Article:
TRADERS at Bury Market have slammed the “paltry” support they say they have received and the measures implement to reopen stalls amid the coronavirus pandemic.

A number of stallholders have hit out over what they claim are small or unpaid government grants and rent-free periods which, together with a fall in customer footfall and coach trips, they say represent a “death warrant” for the market.

They claim this issue will be made worse by reinstating parking charges.

Meanwhile, another trader has voiced concerns about the restricted access to market entrances and closures of market toilets as part of measures to prevent the possible spread of Covid-19.

It comes after the market largely returned to socially-distanced business last month following the coronavirus lockdown.

In response to the traders' frustrations, Bury Council has said that it has “done far more for traders than has been provided elsewhere”, and its measures had been “warmly welcomed by traders who are happy to be back in business”.

As part of efforts to mitigate the effects of lockdown, Bury Council announced that some £1 million had been distributed to traders through discretionary funding and small business grants, worth between £10,000 and £25,000.

However, Marcia Lee Jones, who runs the Kiss & Make Up stall, claimed that the vast majority of traders had received “paltry” grants of between £1,000 and £,3000 ­- with only about 70 being given grants of around £10,000.

Others are yet to receive a penny from the government, traders said, causing “unnecessary financial suffering”.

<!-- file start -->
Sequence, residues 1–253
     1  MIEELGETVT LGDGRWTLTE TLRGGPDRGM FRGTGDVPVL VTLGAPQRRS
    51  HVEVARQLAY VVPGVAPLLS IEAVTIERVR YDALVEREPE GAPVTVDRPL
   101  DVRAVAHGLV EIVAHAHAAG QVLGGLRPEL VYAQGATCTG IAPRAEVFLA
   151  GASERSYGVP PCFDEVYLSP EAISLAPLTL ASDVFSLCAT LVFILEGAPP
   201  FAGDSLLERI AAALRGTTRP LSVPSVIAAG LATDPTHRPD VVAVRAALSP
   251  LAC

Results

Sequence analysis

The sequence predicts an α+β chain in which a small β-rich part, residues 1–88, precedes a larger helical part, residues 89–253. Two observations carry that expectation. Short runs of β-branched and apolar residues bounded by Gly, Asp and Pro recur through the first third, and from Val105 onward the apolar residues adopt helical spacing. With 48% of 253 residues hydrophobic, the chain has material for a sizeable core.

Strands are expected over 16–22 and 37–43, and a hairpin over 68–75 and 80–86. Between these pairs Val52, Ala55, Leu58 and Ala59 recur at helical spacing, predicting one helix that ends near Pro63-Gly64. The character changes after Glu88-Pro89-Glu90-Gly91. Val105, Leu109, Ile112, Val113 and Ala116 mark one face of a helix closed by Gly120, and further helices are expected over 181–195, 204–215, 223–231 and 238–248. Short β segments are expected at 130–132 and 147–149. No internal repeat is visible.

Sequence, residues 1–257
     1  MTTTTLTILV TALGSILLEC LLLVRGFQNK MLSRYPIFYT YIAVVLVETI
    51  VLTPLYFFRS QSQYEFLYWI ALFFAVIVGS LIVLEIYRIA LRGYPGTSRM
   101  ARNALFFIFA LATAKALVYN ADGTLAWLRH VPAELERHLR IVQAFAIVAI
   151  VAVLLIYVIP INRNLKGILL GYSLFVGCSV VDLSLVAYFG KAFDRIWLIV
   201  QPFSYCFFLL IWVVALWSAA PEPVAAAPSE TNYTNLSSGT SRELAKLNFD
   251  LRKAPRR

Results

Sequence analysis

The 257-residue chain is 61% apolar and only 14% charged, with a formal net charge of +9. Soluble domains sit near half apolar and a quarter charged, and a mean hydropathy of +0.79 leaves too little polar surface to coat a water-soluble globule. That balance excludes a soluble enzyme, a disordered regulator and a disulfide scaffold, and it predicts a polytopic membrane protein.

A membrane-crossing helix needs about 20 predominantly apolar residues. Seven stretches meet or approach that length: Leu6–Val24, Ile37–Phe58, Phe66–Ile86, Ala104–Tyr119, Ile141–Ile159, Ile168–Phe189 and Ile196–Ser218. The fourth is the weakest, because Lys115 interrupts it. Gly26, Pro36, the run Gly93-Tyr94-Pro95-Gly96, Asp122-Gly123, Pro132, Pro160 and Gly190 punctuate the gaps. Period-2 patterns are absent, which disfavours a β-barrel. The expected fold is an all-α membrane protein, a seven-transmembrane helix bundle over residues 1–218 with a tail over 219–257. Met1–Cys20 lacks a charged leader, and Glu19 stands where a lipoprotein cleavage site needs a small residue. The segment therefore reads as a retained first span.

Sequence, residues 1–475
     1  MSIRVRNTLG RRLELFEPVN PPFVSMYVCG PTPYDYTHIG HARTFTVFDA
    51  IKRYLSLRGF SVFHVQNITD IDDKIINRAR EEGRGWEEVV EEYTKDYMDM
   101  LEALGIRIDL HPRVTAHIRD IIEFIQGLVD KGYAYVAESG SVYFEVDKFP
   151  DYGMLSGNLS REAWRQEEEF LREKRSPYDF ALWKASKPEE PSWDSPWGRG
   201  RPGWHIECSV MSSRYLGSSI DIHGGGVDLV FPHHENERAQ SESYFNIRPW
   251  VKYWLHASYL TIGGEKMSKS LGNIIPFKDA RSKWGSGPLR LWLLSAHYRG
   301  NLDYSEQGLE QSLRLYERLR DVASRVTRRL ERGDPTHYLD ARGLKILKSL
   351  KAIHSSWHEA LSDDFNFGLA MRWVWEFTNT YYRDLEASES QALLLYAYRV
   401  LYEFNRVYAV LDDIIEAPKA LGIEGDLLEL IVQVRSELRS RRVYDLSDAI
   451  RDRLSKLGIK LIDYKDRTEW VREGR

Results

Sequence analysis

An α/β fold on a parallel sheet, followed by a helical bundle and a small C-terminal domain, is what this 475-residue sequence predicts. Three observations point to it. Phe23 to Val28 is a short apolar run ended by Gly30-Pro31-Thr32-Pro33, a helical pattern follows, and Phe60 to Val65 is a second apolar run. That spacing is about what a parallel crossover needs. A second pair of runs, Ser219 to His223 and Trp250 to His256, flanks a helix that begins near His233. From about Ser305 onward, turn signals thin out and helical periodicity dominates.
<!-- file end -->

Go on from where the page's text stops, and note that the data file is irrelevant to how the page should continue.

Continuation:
Consequently traders have asked for the grants to be doubled.

In addition, they have also lambasted the rent-free periods introduced by the council and requested three months' rent-free on reopening.

Ms Lee Jones said: “This 600-year-old market is being run by a council which basically does not care, and has bigged itself up to look like it's done right by us.”

She added: “The rent-free period is only two weeks. The market has spun it was three-and-a-half months.

“For three months the traders were forced to close ­- it was illegal to trade.”

Ms Lee Jones said: “There are no coaches coming in, and actually may not ever return, as National Holidays, Wallace Arnold, Shearings, and Caledonian Travel have all gone into administration.

“We are coach attraction of the year. Without this audience we are doomed.”

Traders are also appealing for parking charges not to be reintroduced.

Cllr Jane Black, cabinet member for the cultural economy, said: “In addition to central government funding received, the value of Bury Council’s support package for the market is substantial.

“Many other market towns have not acted in this way.

“At a time when budgets are stretched because of years of austerity and a pandemic, this council has done far more than many other market towns to support and protect market traders, and to develop a strong vision for its long-term future.”

Trader Richard Newgrosh owner of Chatley’s Menswear, has condemned what he labelled a ‘chaotic system’ of restricted access to some entrances.

He also branded the closure of one of the market’s toilets a ‘disgrace’, adding: “A lot of disabled people need the nearest loo and I can’t understand a reason for it.”